It’s impossible to calculate the cost of lost freedom. How do you place a value on all the time missed with family and friends while in prison for a crime you didn’t commit?
But a first-of-its kind study tries to compute the dollars-and-cents price of injustice to California taxpayers.
Released Wednesday, the analysis says mistakes in the state’s criminal justice system cost Californians at least $221 million (adjusted for inflation) from 1989 through 2012.
That represents the grand total of incarceration expenses ($80 million), trial and appeal costs ($68 million), legal settlements ($68 million) and state compensation for wrongful imprisonment ($5 million) for 607 people who had their felony convictions overturned, then were acquitted in retrials or had their charges dismissed. The total cost rises to $282 million when the 85 exonerations in the Rampart police corruption scandal in Los Angeles are added.
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“We should be aiming for zero errors in our criminal justice system,” Rebecca Silbert, who co-authored the study while at UC Berkeley law school, said in a statement. “The costs are too high to ignore.”
Among the key findings of Silbert and co-author John Hollway of the University of Pennsylvania law school:
▪ Errors in homicides accounted for 52 percent of the costs, an average of nearly $1.3 million per case.
▪ Mistakes were disproportionately made in violent crimes – 30 percent, compared with 20 percent of all convictions. The researchers say that could be because there’s more emotion involved and more pressure to convict.
▪ The most costly mistakes were prosecutors’ misconduct, such as failing to turn over evidence to the defense ($53 million), followed by judicial error during trial ($32 million), eyewitness misidentification ($31 million) and ineffective defense lawyers ($27 million).
▪ The 607 people spent nearly 2,200 years combined behind bars, nearly 1 in 5 were sentenced to life in prison and more than half were 35 or younger when convicted.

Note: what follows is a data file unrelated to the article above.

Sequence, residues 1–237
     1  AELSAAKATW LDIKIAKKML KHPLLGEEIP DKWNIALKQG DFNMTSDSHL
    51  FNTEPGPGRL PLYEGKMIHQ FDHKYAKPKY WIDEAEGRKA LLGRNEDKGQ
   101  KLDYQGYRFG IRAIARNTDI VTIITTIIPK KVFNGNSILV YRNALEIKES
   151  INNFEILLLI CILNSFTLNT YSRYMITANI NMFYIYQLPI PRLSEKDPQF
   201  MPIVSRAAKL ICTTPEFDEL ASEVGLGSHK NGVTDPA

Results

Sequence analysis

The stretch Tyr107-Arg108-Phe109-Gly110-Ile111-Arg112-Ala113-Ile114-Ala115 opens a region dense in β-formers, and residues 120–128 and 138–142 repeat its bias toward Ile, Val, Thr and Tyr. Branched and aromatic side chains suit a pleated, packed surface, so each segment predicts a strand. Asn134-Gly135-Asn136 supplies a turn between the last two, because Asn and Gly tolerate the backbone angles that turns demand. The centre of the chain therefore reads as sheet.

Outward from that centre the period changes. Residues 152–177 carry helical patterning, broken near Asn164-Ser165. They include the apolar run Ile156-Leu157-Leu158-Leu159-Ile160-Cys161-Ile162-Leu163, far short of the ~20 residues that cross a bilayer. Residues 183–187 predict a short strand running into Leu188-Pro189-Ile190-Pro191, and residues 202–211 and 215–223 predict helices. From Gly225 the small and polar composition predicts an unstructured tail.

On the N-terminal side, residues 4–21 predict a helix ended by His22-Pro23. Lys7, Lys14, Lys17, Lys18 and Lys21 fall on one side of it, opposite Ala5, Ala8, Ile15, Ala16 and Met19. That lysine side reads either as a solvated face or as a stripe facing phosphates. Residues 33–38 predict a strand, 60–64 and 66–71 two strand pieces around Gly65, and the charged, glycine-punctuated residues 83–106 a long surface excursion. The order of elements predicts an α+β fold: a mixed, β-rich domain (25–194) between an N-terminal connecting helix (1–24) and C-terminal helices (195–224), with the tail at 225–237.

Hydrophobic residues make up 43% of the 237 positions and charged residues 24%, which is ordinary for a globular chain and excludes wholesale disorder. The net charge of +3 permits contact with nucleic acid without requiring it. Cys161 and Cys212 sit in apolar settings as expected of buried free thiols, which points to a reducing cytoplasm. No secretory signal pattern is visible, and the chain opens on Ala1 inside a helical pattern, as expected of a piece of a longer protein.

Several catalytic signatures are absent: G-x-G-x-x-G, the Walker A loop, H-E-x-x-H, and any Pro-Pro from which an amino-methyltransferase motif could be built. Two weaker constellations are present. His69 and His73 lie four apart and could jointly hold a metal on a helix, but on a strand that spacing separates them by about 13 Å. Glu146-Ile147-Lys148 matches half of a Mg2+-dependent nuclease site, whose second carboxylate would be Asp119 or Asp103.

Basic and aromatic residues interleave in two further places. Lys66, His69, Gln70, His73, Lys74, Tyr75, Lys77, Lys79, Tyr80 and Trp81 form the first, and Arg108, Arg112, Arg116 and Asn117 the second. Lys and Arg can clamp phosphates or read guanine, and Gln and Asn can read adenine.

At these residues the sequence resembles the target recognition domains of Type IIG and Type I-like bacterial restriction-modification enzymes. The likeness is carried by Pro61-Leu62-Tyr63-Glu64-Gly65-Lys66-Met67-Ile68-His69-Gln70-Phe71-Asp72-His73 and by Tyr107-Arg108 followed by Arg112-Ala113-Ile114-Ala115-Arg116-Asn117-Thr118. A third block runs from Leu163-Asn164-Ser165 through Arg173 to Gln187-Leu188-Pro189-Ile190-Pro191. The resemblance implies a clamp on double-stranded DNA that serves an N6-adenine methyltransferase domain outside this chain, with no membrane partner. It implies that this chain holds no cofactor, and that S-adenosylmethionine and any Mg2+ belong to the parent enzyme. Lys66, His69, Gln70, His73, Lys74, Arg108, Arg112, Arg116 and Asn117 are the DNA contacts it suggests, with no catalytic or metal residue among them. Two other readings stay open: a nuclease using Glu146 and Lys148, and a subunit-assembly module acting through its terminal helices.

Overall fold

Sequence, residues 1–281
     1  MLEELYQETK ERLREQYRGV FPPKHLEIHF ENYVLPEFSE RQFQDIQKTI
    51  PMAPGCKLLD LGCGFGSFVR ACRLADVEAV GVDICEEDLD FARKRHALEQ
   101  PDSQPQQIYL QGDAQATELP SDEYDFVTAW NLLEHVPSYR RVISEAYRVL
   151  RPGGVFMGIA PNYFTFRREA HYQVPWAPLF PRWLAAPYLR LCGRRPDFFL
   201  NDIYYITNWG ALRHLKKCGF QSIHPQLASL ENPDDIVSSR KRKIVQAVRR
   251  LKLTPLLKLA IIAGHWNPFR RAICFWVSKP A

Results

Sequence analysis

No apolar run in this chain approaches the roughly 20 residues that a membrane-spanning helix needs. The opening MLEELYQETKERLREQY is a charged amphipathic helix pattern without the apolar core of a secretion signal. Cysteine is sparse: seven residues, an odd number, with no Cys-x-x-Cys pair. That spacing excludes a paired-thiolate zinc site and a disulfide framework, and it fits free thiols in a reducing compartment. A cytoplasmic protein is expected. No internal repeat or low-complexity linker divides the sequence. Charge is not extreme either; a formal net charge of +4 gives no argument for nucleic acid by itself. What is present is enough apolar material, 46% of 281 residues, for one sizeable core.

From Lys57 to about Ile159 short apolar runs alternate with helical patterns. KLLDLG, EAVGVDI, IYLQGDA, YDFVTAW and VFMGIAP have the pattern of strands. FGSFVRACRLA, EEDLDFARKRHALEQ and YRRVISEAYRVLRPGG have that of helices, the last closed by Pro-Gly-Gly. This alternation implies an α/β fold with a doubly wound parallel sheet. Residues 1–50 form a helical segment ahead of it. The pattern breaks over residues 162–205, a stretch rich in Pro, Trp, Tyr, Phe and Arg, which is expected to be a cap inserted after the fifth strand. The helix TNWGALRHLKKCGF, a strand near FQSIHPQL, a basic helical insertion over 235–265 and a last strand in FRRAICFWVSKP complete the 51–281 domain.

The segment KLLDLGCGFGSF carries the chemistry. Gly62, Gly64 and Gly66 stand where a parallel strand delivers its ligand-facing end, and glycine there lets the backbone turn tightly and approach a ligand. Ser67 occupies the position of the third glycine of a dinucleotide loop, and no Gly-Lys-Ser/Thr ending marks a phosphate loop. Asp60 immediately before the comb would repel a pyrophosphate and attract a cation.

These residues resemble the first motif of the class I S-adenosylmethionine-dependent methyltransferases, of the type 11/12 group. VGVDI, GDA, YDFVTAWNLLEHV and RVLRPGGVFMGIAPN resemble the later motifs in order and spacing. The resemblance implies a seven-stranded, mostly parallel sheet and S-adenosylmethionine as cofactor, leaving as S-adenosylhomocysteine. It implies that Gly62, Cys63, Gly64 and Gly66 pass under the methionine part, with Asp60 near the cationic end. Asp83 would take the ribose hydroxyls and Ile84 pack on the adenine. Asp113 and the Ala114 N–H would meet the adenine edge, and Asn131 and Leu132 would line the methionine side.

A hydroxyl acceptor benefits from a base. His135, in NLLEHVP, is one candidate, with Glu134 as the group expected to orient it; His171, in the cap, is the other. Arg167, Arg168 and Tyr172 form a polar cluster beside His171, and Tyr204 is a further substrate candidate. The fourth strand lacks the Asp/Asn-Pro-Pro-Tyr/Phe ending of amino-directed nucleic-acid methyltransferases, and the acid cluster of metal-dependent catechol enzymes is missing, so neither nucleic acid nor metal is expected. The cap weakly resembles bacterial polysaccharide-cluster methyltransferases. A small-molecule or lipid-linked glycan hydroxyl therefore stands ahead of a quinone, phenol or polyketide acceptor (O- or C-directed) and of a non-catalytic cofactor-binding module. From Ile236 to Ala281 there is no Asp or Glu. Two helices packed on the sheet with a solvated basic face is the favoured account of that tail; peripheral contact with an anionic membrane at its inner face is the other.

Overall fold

The wait for justice was even longer for the record 149 people exonerated across America last year. They had served an average of 14 ½ years in prison, and their cases included 58 homicides. Five exonerations were in California, which accounts for 158 of the 1,740 cases nationwide since 1989.
The new study points out that a decade ago, a state commission on fair justice issued recommendations to reduce wrongful convictions, including those caused by mistaken identifications, false confessions, perjured testimony, inaccurate scientific evidence, prosecutorial misconduct and inadequate funding for public defenders.
But very few of the recommendations have been enacted statewide. In 2011, Gov. Jerry Brown signed a bill that bars convictions based solely on the uncorroborated testimony of jailhouse informants, who are often unreliable.
It’s been clear for years that more should be done to prevent these unjust prosecutions, which punish the innocent and let the guilty go free.
If legislators won’t respond to the pleas of the exonerated, maybe angry taxpayers will get their attention.
By the numbers
The number of wrongful arrests and convictions and legal settlements and fees for selected cities and counties, 1989-2012:
- El Dorado County: 21, $570,000
- Fresno County: 22, $3.4 million
- Los Angeles: 370, $93.3 million
- Los Angeles County: 99, $29.5 million
- Merced County: 23, $445,000
- Oakland: 364, $49.5 million
- Placer County: 14, $357,000
- Sacramento: 39, $482,000
- Sacramento County: 193, $7.7 million
- San Francisco: 97, $12.6 million
- San Joaquin County: 8, $477,000
- Stockton: 45, $1.5 million
Source: Earl Warren Institute on Law and Social Policy, UC Berkeley